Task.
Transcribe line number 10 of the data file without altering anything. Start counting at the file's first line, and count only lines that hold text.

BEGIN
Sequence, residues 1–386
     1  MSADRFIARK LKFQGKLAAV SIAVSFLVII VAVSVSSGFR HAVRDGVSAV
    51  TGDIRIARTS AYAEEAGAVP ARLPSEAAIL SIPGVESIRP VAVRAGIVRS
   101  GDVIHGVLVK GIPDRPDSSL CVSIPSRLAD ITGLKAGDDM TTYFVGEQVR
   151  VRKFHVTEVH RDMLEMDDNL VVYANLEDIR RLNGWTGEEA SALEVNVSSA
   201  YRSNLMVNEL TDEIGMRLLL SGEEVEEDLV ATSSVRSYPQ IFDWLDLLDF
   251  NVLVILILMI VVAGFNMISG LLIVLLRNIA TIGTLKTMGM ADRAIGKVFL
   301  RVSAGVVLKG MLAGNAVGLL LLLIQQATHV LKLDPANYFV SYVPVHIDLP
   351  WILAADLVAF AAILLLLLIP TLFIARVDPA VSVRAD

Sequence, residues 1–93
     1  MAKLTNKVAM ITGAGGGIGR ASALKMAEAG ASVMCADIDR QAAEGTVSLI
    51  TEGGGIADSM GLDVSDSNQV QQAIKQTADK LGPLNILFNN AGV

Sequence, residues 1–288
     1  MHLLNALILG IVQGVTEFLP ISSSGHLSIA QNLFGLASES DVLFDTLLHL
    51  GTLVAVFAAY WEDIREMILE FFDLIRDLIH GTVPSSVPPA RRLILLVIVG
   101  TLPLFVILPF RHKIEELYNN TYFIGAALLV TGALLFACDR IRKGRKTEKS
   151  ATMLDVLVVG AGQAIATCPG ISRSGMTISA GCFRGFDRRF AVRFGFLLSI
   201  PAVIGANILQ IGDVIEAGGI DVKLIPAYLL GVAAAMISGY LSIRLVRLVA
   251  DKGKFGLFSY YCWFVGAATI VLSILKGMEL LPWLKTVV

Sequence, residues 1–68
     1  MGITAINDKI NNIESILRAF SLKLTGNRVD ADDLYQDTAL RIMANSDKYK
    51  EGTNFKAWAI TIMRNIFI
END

Sequence, residues 1–93